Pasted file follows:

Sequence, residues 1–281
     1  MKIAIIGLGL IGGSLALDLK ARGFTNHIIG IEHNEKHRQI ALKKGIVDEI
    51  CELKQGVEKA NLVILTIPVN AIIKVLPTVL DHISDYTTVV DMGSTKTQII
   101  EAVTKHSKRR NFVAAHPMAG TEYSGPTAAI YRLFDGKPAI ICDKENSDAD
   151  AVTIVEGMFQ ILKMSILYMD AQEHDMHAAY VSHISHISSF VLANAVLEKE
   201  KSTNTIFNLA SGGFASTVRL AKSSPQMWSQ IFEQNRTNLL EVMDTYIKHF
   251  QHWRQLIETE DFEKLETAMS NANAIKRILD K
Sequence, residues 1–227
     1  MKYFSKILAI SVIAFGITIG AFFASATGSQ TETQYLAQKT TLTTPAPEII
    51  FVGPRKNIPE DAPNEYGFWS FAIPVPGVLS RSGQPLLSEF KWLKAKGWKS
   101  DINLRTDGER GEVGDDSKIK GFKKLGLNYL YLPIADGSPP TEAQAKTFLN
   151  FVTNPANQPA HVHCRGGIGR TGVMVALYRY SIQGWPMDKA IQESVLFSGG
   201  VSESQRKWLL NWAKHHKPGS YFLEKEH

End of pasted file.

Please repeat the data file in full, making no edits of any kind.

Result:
Sequence, residues 1–281
     1  MKIAIIGLGL IGGSLALDLK ARGFTNHIIG IEHNEKHRQI ALKKGIVDEI
    51  CELKQGVEKA NLVILTIPVN AIIKVLPTVL DHISDYTTVV DMGSTKTQII
   101  EAVTKHSKRR NFVAAHPMAG TEYSGPTAAI YRLFDGKPAI ICDKENSDAD
   151  AVTIVEGMFQ ILKMSILYMD AQEHDMHAAY VSHISHISSF VLANAVLEKE
   201  KSTNTIFNLA SGGFASTVRL AKSSPQMWSQ IFEQNRTNLL EVMDTYIKHF
   251  QHWRQLIETE DFEKLETAMS NANAIKRILD K
Sequence, residues 1–227
     1  MKYFSKILAI SVIAFGITIG AFFASATGSQ TETQYLAQKT TLTTPAPEII
    51  FVGPRKNIPE DAPNEYGFWS FAIPVPGVLS RSGQPLLSEF KWLKAKGWKS
   101  DINLRTDGER GEVGDDSKIK GFKKLGLNYL YLPIADGSPP TEAQAKTFLN
   151  FVTNPANQPA HVHCRGGIGR TGVMVALYRY SIQGWPMDKA IQESVLFSGG
   201  VSESQRKWLL NWAKHHKPGS YFLEKEH